Cairns Hotels Cash in on Tourism Boom

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Monday, November 17th, 2014
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As the tourism sector in Australia recovers, hotels throughout Tropical North Queensland and Cairns in particular are cashing in, using higher levels of occupancy and demand to increase room rates and prices.

Research firm Jones Lang LaSalle says leisure hotel operators in Queensland’s northernmost city booked an average 27.9 per cent surge in revenue per available RevPAR room in the month of September compared with the same month last year, while on a year-to-date basis RevPAR is up an impressive 10.2 per cent.

Julian Whiston of JLL said that while the G20 finance ministers and Central Bank governors’ meeting was most likely the primary driving factor behind September’s abnormal result, the market was also being driven by a broader recovery in tourism numbers, with hotel operators benefiting from the city’s proximity to natural assets as well as the easing in the Australian dollar.

“There is no doubt that the long-term appeal of Cairns and other TNQ markets are their proximity to the Great Barrier Reef, the Daintree Rainforest and the region’s tropical climate,” Whiston said.

Around Australia, operators of hotels and tourist accommodation have experienced generally soft conditions in recent years as weak global economic conditions and the strong Australian dollar impacted tourism numbers.

Since the dollar’s fall, however, tourism numbers have recovered, with year to date figures showing a rise in inbound tourism of 11.3 per cent and a 9.5 per cent rise in individuals attending business conferences.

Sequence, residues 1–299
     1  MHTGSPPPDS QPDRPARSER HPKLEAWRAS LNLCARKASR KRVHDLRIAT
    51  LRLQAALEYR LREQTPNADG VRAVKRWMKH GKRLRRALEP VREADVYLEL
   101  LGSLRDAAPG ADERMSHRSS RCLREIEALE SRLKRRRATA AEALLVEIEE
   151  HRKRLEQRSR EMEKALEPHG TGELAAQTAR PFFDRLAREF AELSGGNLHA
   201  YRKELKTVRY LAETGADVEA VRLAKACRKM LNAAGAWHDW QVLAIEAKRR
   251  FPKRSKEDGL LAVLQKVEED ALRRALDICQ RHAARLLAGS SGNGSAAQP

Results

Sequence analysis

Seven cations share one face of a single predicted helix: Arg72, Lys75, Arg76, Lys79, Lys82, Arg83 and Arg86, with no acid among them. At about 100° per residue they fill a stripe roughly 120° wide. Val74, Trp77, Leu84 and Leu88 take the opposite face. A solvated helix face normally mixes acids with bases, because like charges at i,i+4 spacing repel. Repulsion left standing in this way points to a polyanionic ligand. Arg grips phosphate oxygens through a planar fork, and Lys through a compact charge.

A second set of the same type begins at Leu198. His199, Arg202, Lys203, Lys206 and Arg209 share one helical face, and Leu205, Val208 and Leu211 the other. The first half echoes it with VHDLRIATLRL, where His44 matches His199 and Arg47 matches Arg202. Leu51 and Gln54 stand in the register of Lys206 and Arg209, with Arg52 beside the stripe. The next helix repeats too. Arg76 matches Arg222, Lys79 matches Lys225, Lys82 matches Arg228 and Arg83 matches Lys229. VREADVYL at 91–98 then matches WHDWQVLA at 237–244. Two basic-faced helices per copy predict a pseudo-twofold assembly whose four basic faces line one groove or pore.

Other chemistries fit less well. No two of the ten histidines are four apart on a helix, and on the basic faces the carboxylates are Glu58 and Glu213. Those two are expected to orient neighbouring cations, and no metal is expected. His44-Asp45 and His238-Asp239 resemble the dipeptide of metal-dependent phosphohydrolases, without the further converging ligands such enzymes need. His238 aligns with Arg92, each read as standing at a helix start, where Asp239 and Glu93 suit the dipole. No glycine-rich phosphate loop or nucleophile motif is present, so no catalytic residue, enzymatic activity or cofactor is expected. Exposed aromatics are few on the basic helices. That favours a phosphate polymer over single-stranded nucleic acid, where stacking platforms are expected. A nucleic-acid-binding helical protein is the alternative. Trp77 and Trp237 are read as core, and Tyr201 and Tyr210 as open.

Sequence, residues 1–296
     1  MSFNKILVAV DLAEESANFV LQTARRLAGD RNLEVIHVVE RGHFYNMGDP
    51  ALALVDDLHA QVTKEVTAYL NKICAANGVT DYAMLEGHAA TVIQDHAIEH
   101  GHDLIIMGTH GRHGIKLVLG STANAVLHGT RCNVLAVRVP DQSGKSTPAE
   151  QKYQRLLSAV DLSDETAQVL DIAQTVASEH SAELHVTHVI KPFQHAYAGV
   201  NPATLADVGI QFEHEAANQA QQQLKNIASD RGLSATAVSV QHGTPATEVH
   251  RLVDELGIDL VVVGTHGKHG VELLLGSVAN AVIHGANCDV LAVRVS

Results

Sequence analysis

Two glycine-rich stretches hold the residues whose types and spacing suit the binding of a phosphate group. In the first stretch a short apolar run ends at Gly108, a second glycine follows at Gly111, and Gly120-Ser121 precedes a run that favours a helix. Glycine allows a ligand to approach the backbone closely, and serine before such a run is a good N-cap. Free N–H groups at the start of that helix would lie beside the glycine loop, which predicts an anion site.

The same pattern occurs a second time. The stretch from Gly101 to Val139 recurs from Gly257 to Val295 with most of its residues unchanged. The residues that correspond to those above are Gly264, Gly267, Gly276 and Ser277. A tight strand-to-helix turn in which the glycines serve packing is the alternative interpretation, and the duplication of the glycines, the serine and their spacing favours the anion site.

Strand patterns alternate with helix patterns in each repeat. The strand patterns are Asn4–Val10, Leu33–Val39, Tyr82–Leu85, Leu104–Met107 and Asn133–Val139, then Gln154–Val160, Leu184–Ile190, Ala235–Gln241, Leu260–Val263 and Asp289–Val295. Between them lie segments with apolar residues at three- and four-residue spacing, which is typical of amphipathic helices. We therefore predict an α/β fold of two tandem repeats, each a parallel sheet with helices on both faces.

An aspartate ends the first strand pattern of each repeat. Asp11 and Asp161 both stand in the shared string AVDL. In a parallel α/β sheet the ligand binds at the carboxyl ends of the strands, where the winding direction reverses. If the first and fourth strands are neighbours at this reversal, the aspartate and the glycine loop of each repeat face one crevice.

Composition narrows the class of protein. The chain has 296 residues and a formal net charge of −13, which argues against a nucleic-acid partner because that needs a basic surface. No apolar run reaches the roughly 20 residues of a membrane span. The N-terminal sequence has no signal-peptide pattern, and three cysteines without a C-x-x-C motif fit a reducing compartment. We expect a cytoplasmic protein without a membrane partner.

In the case of Tropical North Queensland, the region has also benefited from an increase in domestic tourists, with the latest figures from Tourism Australia showing domestic visitor nights in the region up 9.4 per cent in the first half of the year.

Going forward, JLL managing director of investment sales Mark Durran says the region will benefit from the availability of an increasing number of five star resorts as well as the broader tourism recovery.

“The tourism market in Cairns bottomed out in 2011 and what we are seeing is the return of both overseas and domestic travellers who want to explore more of tropical Queensland,” he said.

The room rates surge in Cairns also comes amid a broader recovery in the Queensland market, which has also seen a rise in RevPAR of more than 10 per cent for hotels in the Gold Coast, for example, and is hoping to capitalise on the flow on effect from the G20 in Brisbane.

Queensland Hotels Association president Tom McGuire said recently that the event would be an opportunity to showcase the city and state’s accommodation offerings as well as to raise the profile of the city in terms of holding significant events.

In the more immediate term, Whiston says the immediate benefits of the G20 cannot be understated, and that “we would expect to see growth in both foreign and domestic tourism in and around this event.”

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